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Wednesday, September 15, 2010

Hot air blowing in Florida

It was hot yesterday in Pensacola. And the weather isn't helping. Yesterday morning, the United States District Court heard arguments on the motion to dismiss the Florida Attorney General's challenge to the Affordable Care Act. This case has been joined by 19 other states, mostly through their attorneys general. All but one of the attorneys general are Republican and, not surprisingly, many are running for higher office.

Before the hearing, there's a modest crowd outside, including a few protestors on both sides. But things seem pretty civil. Once the hearing starts, the Judge grills both sides. At this stage in the case the questions are procedural—can states even bring this case? The Judge seems to suggest that at least some of the claims need a fuller hearing, while other claims should probably be dismissed. He will sort it out and issue an opinion in 30 days.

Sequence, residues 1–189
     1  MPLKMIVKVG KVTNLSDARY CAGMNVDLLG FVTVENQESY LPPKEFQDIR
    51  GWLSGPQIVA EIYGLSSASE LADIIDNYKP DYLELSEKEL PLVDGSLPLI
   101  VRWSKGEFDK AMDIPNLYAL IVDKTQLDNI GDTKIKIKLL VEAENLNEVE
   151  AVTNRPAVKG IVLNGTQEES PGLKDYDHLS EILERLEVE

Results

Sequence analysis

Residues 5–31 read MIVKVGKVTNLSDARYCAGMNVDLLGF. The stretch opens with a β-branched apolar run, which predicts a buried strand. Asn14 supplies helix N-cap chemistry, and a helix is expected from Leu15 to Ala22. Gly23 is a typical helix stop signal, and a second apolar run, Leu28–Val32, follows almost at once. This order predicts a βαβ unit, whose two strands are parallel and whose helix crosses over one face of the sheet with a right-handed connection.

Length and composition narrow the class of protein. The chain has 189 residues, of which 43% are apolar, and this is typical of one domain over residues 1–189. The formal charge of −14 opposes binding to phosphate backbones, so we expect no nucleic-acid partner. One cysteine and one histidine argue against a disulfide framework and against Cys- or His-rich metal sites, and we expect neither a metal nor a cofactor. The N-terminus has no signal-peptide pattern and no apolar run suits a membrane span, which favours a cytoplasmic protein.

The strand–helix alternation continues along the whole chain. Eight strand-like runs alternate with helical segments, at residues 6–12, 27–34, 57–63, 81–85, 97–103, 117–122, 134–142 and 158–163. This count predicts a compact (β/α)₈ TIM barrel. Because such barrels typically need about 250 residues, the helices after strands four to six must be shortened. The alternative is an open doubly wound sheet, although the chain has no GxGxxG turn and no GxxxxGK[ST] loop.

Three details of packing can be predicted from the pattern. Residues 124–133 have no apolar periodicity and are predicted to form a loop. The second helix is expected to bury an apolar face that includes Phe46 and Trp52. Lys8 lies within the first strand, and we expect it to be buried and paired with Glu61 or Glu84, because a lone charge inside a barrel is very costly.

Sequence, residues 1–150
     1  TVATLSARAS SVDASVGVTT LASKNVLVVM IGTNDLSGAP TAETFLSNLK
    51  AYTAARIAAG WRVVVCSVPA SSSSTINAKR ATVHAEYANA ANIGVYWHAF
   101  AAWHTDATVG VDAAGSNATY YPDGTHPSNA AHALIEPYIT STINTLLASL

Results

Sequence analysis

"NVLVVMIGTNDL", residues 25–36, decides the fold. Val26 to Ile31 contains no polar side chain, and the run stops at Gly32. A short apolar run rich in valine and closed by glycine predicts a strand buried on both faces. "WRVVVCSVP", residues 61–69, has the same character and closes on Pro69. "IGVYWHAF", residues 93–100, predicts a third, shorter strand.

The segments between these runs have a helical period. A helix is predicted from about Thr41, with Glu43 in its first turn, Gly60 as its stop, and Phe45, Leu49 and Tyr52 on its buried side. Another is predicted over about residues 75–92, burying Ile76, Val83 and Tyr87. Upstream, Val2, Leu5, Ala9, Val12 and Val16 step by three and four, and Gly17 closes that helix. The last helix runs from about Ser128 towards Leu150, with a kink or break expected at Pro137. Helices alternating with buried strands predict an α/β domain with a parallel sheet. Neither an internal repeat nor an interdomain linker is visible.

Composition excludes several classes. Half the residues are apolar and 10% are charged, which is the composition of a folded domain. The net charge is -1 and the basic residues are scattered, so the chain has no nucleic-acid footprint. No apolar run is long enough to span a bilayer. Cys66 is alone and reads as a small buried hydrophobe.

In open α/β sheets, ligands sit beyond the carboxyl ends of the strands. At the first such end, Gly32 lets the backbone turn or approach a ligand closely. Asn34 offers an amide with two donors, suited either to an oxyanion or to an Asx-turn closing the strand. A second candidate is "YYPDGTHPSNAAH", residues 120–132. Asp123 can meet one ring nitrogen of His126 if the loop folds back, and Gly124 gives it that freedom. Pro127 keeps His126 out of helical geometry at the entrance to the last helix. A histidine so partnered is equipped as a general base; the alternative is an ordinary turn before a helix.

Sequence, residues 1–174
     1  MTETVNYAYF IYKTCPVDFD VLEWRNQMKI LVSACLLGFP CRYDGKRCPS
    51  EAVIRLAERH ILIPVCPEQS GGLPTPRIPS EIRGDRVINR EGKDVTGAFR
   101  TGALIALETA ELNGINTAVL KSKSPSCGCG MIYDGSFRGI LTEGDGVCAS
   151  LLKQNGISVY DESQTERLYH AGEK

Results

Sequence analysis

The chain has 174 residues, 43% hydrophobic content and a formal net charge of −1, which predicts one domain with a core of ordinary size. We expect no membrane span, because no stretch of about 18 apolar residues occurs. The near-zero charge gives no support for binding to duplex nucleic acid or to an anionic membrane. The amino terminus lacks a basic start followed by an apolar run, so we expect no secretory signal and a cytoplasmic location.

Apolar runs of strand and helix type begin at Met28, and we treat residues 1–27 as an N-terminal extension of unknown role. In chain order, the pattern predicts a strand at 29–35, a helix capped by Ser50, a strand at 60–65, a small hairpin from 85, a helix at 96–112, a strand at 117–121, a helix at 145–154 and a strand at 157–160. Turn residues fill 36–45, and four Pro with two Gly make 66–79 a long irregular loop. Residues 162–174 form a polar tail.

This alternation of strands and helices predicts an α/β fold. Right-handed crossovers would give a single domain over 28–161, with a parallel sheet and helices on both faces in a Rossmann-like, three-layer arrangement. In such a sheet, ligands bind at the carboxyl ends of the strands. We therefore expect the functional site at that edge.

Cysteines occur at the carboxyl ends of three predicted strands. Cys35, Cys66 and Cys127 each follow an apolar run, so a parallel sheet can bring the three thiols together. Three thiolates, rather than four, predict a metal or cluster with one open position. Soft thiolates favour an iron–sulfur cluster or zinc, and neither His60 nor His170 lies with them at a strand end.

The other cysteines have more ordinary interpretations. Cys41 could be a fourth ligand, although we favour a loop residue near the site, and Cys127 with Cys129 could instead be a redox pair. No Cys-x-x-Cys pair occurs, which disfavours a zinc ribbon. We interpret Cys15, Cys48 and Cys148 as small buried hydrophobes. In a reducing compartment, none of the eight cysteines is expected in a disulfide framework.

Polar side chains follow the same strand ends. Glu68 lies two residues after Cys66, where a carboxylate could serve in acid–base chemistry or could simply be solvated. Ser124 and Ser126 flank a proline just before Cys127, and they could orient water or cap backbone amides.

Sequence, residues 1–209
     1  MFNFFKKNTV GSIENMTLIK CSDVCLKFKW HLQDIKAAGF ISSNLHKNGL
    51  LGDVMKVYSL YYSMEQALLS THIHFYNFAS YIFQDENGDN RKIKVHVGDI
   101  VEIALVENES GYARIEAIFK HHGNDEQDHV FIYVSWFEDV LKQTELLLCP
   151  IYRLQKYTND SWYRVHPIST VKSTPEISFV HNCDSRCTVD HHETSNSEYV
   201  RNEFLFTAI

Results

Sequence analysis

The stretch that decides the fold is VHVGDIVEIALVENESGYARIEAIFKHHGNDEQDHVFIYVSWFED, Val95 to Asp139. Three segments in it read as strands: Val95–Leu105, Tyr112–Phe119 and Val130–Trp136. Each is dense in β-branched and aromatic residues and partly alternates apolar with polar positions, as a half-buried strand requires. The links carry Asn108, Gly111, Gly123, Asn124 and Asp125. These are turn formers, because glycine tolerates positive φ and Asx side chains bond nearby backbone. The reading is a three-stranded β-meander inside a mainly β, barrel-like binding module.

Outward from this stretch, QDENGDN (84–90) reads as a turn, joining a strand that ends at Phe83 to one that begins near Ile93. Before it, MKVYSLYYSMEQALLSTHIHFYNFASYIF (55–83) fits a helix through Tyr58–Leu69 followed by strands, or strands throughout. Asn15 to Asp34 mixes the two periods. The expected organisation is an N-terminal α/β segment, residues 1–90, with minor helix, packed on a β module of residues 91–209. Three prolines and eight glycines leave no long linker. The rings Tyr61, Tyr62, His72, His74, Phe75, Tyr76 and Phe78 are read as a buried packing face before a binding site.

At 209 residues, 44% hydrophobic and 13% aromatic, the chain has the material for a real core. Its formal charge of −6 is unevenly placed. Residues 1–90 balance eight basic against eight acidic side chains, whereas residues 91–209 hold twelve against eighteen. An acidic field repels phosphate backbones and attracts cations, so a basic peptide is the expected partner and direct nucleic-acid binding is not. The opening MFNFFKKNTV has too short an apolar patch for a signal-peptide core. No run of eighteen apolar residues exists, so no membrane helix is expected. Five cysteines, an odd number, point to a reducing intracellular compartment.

At several points in the hearing, the lawyers and Judge touch on the heart of the matter: Does the federal government have authority to regulate the provision of health care and health insurance as it does in the Affordable Care Act? Just about every legal expert says yes—ever since the New Deal it’s been settled that Congress has broad authority to regulate commerce. Even the Judge today—known to be a conservative—says some of the states' claims would have made more sense in 1930.

After the hearing, the real hot air starts blowing. The attorneys general of Florida, Alabama, and Utah hold a press conference and rally hosted by the National Federation of Independent Business (NFIB) (in a air-conditioned tent across from the courthouse). One says that everyone in this country already has health care and this new law is an unconstitutional invasion of states' rights. It sounds like a campaign rally.

So there you have it. The legal challenge to health reform is like a lot of the debate that preceded it. It’s a question of do we go backwards—to the legal world of the 1930s and the pre-2010 world of health care insecurity? Or do we fulfill the promise of the new law and keep moving forward?